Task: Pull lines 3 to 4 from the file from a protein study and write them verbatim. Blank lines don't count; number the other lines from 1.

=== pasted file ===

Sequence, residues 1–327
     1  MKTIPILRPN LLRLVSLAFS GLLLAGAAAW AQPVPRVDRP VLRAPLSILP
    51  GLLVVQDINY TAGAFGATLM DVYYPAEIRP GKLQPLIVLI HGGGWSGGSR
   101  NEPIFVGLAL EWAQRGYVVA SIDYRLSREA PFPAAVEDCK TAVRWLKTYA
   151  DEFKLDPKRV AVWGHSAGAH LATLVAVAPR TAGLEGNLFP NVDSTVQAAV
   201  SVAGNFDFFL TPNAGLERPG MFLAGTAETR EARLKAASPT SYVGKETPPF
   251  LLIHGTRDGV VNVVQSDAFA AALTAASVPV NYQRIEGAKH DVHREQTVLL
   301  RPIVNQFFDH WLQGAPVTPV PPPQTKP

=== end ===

    51  GLLVVQDINY TAGAFGATLM DVYYPAEIRP GKLQPLIVLI HGGGWSGGSR
   101  NEPIFVGLAL EWAQRGYVVA SIDYRLSREA PFPAAVEDCK TAVRWLKTYA